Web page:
07/24/2013 04:11 EDT | Updated 09/23/2013 05:12 EDT

Let the Internet Be: Why Blocking Porn Won't Save the Children

I know this may sound weird coming from a mother of three young kids, but I am always wary of legislation passed in the name of protecting children. Obviously, I'm as keen as the next feeling human being to save kids from harm. It's just that when laws are passed with this explicit goal as justification, they tend to be not only of questionable help in achieving this end, but also to trample on the rights and freedoms of everyone, including said kids who will one day be adults hoping to go about their lives in a free society. And nowhere is this truer than in the case of the U.K.'s newly announced porn-blocking program.

The initiative is being sold by British Prime Minister David Cameron this way: "This is, quite simply, about how we protect children and their innocence." But it will impact almost every single Internet user in the United Kingdom.

Basically, "family-friendly" filters that block all pornography will be put in place by the major providers that deliver Internet service to almost 90% of U.K. homes. These porn-blocking filters will be the default. To opt out of them, customers will have to specifically tell their ISPs that the wish to access porn. (Delightful conversation to have with a confused worker in a cell centre in India, I'm sure. And how private will this choice be kept?)

Keep in mind that the filters in question will not just be blocking child porn, or violent pornography -- images that are depicting crimes and entailing and/or encouraging abuse. They will also be blocking perfectly legal, consensual, non-violent adult movies and sexual content. If a married couple happens to want to take an online peek at an erotic film together, they will be out of luck unless they're willing to check the "count us in as pervs" box on their Internet contract first. It's an awfully blunt instrument to use to keep sexually explicit material out of the hands of children, especially when there are so many more reasonable alternatives. Such as, parents who are concerned about this issue just installing filters themselves (rather than the government applying a filter on the entire country). Or parents keeping the computer in a kitchen or living room, rather than in a kid's room.

You might argue that those last two solutions will never work. Teens determined to find porn will find a way to view it. They'll go to a friend's place and/or use a proxy or VPN to get to the stuff they are desperate to see. Well guess what? The same is true of adults too, which is why the porn blocking program is such a bad idea. The default filters may serve to shame and interfere with the lives of those people too meek to break the rules, but the rest of the population will simply get around them with IP spoofing or the like. Heck, given the strength of the desire for online porn, the U.K's program (and others like it) just might lead to the mainstreaming and perfecting of online privacy tools to keep government snoopers at bay, as Peter Nowak argues in an excellent piece in the Globe and Mail. Which may be a boon for libertarians, but will do nothing to further PM Cameron's stated goal of keeping children sheltered from danger.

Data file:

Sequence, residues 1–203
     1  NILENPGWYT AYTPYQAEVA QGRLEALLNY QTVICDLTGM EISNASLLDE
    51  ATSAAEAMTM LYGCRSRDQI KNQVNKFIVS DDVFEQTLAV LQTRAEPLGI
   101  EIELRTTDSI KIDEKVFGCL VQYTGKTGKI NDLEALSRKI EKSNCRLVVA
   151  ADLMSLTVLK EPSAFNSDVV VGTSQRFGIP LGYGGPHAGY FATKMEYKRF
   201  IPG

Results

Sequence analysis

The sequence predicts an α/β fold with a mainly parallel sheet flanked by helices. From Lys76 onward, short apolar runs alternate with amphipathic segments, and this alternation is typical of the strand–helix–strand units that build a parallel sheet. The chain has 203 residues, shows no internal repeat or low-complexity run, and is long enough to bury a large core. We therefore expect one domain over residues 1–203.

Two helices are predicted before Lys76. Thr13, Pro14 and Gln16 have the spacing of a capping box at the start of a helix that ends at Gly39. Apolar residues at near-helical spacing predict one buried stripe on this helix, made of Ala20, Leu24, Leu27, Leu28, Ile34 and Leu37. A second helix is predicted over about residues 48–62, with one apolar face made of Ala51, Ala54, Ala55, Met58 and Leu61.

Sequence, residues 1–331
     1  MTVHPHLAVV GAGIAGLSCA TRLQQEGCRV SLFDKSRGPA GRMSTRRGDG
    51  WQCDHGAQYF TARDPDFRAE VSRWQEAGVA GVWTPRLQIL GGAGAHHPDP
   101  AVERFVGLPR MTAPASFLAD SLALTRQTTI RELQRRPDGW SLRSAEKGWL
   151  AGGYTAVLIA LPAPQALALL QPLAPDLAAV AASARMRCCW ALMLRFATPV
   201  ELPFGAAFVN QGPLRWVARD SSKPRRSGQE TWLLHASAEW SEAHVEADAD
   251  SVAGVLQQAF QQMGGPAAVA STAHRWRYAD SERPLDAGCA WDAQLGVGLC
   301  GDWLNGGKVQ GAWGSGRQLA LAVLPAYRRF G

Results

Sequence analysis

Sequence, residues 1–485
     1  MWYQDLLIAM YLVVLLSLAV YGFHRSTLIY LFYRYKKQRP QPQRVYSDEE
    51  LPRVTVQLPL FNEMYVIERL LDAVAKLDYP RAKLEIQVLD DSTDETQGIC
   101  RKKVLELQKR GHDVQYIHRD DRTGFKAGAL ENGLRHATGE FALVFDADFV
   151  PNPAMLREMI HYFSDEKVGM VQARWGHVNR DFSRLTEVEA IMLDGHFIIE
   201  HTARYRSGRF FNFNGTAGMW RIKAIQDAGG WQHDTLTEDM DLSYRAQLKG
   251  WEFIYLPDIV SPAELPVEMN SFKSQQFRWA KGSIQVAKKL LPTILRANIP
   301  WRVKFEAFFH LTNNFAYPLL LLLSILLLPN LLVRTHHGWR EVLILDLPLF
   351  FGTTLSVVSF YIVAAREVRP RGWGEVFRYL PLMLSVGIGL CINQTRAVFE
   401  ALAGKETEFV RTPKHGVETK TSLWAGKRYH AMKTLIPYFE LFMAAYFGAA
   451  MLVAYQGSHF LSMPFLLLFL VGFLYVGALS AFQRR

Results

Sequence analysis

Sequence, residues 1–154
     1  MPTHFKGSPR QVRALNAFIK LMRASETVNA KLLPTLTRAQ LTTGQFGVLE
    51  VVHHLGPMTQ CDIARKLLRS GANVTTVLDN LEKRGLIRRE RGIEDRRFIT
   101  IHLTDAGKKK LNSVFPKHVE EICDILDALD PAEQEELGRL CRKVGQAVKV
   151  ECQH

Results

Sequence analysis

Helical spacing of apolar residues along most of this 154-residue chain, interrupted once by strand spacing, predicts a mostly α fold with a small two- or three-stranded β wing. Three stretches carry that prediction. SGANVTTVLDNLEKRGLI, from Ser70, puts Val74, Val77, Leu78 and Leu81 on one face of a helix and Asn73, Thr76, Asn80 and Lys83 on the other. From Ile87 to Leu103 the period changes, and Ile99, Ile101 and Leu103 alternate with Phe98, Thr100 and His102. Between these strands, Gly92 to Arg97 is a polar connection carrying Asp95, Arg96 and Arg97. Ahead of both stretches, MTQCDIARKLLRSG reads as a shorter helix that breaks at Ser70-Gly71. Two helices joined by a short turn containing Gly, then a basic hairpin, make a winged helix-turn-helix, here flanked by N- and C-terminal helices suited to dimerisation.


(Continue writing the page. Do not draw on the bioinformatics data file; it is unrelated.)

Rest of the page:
Nowak makes another good point, as well: It's not like making porn tougher to access online is going to quash the desire for it. As he puts it, "People have been wanting to look at penises, vaginas and boobs in various states of copulation since, well, since there's been copulation." This is not a new phenomenon. Nor does it make sense to pretend that the prevalence of porn is anything but a reflection of what our society currently views as generally ok. As Mark Steyn despairs on the National Review Online, in a short piece about Anthony Weiner, "What's the point of regulating porn in a world in which voters are willing to elect a serial porn fantasist who uploads his erections?" Trying to effectively impose a legal ban on something that most people already accept as being easily forgivable, if not completely unremarkable, is a sure way to debase the currency of the more important laws out there.

Is it a problem that so much of society is this casual about explicit sexual images? I don't know. It does disturb me as a parent to hear about how nonchalant many young teens seem about sexting and sharing nude "selfies." And personally, I would have a very tough time voting for Anthony Weiner given his penchant for broadcasting his anatomy, let alone any other considerations. But even if we do have a problem with our attitude to porn and sexual imagery, simply trying to block that material (or close our eyes and pretend it doesn't exist) is hardly the way to fix it.

You can't educate someone about safer or healthier ways to approach human sexuality if you're not willing to deal with it all. And you can't protect children's innocence by censoring the entire population. Nor would you be wise to try.

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